“No sign of improvement in CLU as a community, a workplace, and a learning/teaching environment. It means everything has stayed as bad or got worse. Where is the leader?” a faculty member said. 

“I think that President Varlotta has not made meaningful connections to students and has enacted changes that do not benefit Cal Lutheran,” an undergraduate student said.

Poor Communication 

Multiple respondents said there is a clear lack of respect, understanding, and feeling heard from Varlotta. 

“No Care for the students. When challenged, she always pulls the “first woman president” card, which is true and cool, but no excuse for poor leadership,” an undergraduate student said.

“A strong relationship between faculty and administration is essential for the success of any university. Without the dedication and expertise of faculty members, the university’s mission cannot be fulfilled. It is crucial for a university president to engage in open and honest communication, demonstrating a willingness to listen and compromise when necessary,” a staff member said.

“Her divisiveness, consistently poor interpersonal style that is hostile, defensive, and combative is destroying the university.  She’s incapable of communicating with transparency and collaboration,” a faculty member said.

Leadership Ability 

A common theme respondents shared was an overall concern of how Varlotta is handling her leadership position as President.  

“A near 100% vote of no confidence by the faculty is a strong statement about the leadership,” an alum said.

“Continued resistance to acknowledging mistakes and fostering transparent communication erodes trust and hinders progress. I believe that for the university to thrive, we need leadership that prioritizes collaboration and accountability,” a staff member said.

“Considering the circumstances of the pandemic and an increase in pressure on higher education across the nation, I think she is doing well. It seemed there was a sentiment that the university wanted a more direct and objective focused president and I think she seems to be fulfilling that. When I served on student government, she actually came to the full meetings to present to us on her and her staff’s plans for the campus. She didn’t have to do that and was genuinely interested to hear from the students on realistic ideas for the campus. It would be easy to bypass the students entirely in the process of updating the campus, but she didn’t. And if that’s how she is approaching all of her duties and putting the students first in a tough time, she’s earned my confidence,” an alum said.

Academic and financial security

Some respondents shared their concern for Varlotta’s abilities to handle the university’s academic and financial standing.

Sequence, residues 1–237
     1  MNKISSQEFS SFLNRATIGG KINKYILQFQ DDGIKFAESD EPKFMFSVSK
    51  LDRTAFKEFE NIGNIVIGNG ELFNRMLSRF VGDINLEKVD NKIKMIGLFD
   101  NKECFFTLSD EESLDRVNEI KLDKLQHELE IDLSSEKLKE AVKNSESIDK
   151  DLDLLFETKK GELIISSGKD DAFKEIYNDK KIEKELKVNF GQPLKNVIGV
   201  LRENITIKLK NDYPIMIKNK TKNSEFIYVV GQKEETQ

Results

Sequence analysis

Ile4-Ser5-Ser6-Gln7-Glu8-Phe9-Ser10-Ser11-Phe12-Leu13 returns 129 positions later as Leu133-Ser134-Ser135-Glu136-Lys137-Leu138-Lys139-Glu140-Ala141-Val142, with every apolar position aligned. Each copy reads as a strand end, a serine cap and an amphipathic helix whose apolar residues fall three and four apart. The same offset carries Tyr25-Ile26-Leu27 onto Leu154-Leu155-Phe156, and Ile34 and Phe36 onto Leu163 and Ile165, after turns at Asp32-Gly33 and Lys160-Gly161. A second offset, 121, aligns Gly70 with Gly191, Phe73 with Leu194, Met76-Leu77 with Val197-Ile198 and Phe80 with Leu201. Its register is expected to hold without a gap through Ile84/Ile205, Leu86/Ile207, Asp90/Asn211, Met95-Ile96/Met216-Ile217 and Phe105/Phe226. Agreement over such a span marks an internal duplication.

“She keeps spending when the university is in the red, she has alienated the town of Thousand Oaks, the Rams, the faculty, and the Gallegly’s. What are the Regents waiting for?” an alum said. 

“She does not value education for its own sake, a liberal arts education, or the character of CLU,” a faculty member said.

“President Varlotta has not brought in substantial funding. We continue to operate within a deficit budget. This comes at the expense of staff and faculty. Morale is low and workloads are absurdly high. This inevitably impacts student experience,” a staff member said.

Inclusivity and safety on campus

Respondents generally shared more concern than approval of Varlotta’s influence and impact in the campus community. 

“Faculty feel disrespected and alienated- that is not a great leadership situation,” a faculty member said.

“Doesn’t understand the ethics and culture of the university,” an alum said.

“At CLU, President Varlotta has created a culture of fear, harm and I cannot imagine the university thriving under her leadership. I feel no physcological or job safety. Community has be driven apart and is in shambles. It is painful to watch the Regents and the Convocators not hear from students, staff and faculty about the truth of what has and is happening under her leadership. I wish our leaders would listen to other voices and be bold in their leadership to take the soul of the campus back. Just like the faculty did in their no confidence vote,” a staff member said.

University Reputation 

Multiple respondents said they feel Varlotta has not properly represented the university both on and off campus.

Her actions have brought negative attention to Cal Lutheran, damaging its reputation, and discouraging potential students from enrolling. Instead of approaching decisions with the intention of seeking mutual understanding or finding solutions that benefit everyone, she has failed to do so,” an undergrdaute student said. 

“She has ruined this university and she needs to stop blaming the pandemic. This is her doing.  We have a horrible reputation in the community because of her. We can’t retain or recruit faculty or staff because of the openly public toxic nature she has created. Morale is at an all time low. She has taken away financial benefits from the faculty and staff because she hasn’t been able to fulfill the basic duty of her job, which is to fundraise. So she gets paid tons of money to fail at her job while the rest of the hardworking people are barely making it on small salaries that used to be supplemented with other financial benefits but have now been taken away because she has driven this university into financial hardship. Students are very unhappy with her and rightfully so. She has no presence on campus when she should be getting to know the students and the amazing things they are achieving,” a faculty member said.